Ho! Every one that thirsts! Come to the waters . . . Drink!
New Year’s Resolution #2,019: Drink more water.
Have you ever noticed that you can systematically drink less and less water, way less than your body needs, without feeling thirsty? Counterintuitive, I know. But that thirst mechanism behind your throat sort of atrophies or something.
And many people, when they do feel any thirst, go to coffee or soda to try to assuage it. Of course those beverages actually drain water from your system.
And as that thirst mechanism shrivels up, sometimes when people are thirsty they think they’re hungry, and then they eat . . . and eat . . . and eat . . . while they’re actually dying of dehydration. Continue reading “Thirsty yet?”
As far as this blog is concerned, 2018 came in with a bang, with David and Louise Turpin: the picture perfect homeschooling family, the post that broke my blog when it garnered over 55,000 views in a day (almost 100,000 to date). Ironic thing was, of the many commenters, some of them thought I was an anti-homeschooling blogger (I was compared to Hitler, which is always a fun experience), when in reality Continue reading “Here’s the Joy looks back over 2018 and looks forward”
This is the first post reflecting my ongoing study of fear in the New Testament.
When I think of Mary’s husband Joseph being afraid, I think of this passage in Matthew 1:20-21:
Joseph had this in mind [the problem of Mary’s pregnancy and his decision to break the marriage agreement] when an angel of the Lord appeared to him in a dream. The angel said to him, “Joseph, descendant of David, don’t be afraid to take Mary as your wife. She is pregnant by the Holy Spirit. She will give birth to a son, and you will name him Jesus [He Saves], because he will save his people from their sins.”
It sounds like the fear Joseph was apparently struggling with there was fear of disobeying the law of God. He just wanted to do the right thing.
But the fear I’ve been pondering more lately is shown when, after Joseph found out Herod was dead, he took Mary and little Jesus back to Israel. Continue reading “Joseph wasn’t afraid of “rebellion, the sin like witchcraft””
A friend described to me how her church did marriage counseling: the married couple had been told to come up with a list of “evidences of grace” that they saw in each other’s lives.
We were to say them out loud in front of each other and the elders meeting with us. They were, after all, constantly reminding us that Scripture called us to “believe the best” of each other, and this exercise was meant to help us do that.
I went first. Wanting them to see that I wasn’t bitter and really did love my husband, I came up with a long list of everything I could think of: Continue reading “Looking for “evidences of grace” in the life of an abuser”
Six years ago when I first began to learn about extreme abuse, when I was first introduced to dissociative identity disorder as something more than a movie plot, when I began to dip my toe into a world of darkness beyond what I had previously ever comprehended, I eventually (after months) asked the Lord—complained to the Lord, actually—“Lord, why is it you want me to learn about this awful stuff? I don’t know any of these people!”
His answer was as clear as if I had heard a voice. “You will meet them. You will know them.” Continue reading “At Thanksgiving, here’s one of the people I’m thankful for”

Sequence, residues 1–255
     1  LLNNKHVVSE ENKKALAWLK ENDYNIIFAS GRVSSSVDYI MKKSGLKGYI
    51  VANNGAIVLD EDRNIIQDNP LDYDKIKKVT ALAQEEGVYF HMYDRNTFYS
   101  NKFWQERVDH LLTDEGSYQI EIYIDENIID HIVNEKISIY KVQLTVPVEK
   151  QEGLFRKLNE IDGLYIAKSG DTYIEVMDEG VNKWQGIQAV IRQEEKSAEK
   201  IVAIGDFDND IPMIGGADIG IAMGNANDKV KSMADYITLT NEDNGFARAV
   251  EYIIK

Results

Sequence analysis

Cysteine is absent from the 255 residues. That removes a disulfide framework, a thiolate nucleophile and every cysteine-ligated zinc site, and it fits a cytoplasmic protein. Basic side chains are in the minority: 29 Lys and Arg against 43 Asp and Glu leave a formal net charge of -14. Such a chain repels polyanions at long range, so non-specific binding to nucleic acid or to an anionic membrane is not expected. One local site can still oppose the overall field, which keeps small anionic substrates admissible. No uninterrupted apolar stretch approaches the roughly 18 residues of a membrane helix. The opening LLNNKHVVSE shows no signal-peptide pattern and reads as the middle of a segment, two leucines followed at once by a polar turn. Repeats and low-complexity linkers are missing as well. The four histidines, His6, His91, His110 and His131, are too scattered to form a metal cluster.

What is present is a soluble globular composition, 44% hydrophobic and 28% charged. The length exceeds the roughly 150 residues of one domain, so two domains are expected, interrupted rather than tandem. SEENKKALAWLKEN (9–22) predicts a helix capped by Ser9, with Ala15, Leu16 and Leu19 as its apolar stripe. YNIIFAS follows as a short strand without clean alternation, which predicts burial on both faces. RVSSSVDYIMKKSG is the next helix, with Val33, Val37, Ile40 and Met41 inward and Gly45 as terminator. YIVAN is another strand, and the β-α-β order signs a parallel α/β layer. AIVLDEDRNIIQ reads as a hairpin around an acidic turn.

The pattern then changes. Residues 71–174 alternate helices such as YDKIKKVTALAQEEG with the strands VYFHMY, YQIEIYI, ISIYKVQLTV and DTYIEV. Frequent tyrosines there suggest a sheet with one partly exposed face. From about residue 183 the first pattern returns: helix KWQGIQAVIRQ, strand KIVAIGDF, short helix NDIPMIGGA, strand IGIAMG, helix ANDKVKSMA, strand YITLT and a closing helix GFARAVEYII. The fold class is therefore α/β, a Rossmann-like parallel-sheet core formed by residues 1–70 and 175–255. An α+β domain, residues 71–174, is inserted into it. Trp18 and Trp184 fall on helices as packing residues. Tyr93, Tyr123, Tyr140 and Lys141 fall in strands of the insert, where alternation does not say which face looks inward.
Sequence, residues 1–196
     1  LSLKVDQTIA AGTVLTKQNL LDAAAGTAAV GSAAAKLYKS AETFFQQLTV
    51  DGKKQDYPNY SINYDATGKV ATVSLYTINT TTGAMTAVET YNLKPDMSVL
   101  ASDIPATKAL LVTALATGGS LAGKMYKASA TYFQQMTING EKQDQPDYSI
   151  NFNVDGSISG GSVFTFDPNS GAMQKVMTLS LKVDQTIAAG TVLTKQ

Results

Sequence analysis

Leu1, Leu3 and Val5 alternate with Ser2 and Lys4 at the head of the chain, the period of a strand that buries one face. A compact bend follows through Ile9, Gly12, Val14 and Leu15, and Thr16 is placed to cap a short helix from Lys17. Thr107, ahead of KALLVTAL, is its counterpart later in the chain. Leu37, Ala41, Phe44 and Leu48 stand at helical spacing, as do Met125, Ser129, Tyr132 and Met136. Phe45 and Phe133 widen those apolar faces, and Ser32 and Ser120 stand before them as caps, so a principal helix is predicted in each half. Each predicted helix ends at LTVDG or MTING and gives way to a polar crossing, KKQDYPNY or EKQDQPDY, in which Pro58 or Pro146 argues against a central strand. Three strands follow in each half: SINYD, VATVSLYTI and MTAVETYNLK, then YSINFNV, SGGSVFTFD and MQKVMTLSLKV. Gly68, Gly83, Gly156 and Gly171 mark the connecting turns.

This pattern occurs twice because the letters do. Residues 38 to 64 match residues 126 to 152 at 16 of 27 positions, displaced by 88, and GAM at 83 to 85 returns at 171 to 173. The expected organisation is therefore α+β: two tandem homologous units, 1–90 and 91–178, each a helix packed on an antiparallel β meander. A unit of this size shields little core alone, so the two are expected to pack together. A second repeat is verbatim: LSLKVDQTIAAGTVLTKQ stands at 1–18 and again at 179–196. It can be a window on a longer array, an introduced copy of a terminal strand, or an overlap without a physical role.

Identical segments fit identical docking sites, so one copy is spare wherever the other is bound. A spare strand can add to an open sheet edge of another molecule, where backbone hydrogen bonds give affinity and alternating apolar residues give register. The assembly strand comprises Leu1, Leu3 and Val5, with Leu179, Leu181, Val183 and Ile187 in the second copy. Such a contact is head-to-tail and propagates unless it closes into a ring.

This is Part 3 of 3. You can read Part 1 here. You can read Part 2 here.
In yesterday’s post, I quoted Heath Lambert as saying that sanctification involves striving and moral effort (trying to be good). My contention, and that of others, is that our sanctification, godliness, holiness, power over sin, and pleasing God are all taken care of in Jesus (His perfect life, death, resurrection, ascension, and seating), and we have no striving to do to accomplish it; we are only to look to Him in faith for all these things to be accomplished.
But Lambert uses several Bible verses to support his point (laid out in Part 2), so it’s important to look at them all. Here they are, with my commentary. Continue reading “What place does “striving” have in sanctification? A response to Heath Lambert”
This is Part 2 of 3. In Part 1, I expressed the consternation I had experienced over Scriptures about “resting” and “striving” that seemed like they didn’t fit with each other.
So what do those “resting” verses really mean?
The Lord used several means to help me in my understanding: my Bible studies—especially Galatians, Romans, and Colossians—a sermon, and some key books. Even though I didn’t understand at that time the importance of asking the Holy Spirit to open my eyes to the Scriptures, still He had mercy on me.
The resting (in case you had as much trouble getting it as I did) is NOT about becoming a couch potato, lol. Continue reading “Reconciling the “resting” and the “striving,” with some thoughts from Heath Lambert”
Back in 1994 when I was studying Leviticus (because it was my wilderness book), I wrote this in the margin at Leviticus chapter 2 (the boldface is added now):
II Peter 1:4 says that we as believers should be “partakers of the divine nature.” This passage shows the priests literally partaking of that which represents the divine nature of our lovely Lord. Then that bread of life becomes a part of us and we are influenced and strengthened by it. In all these ways mentioned, we should be striving to be like Him: the sweet-smelling life, the full anointing by the Holy Spirit, the fellowship of His sufferings. How far, how far I have to go!
Do you hear the wailing in my voice? Continue reading “Struggling with “striving”: When should I strive and when should I rest?”
As we do the work of the Lord, in whatever capacity He has called us, to whatever degree He strengthens us, we’ll keep in mind the truth of who He is and who we are and to the life to which He has beckoned us. We praise Him and look to Him on this day.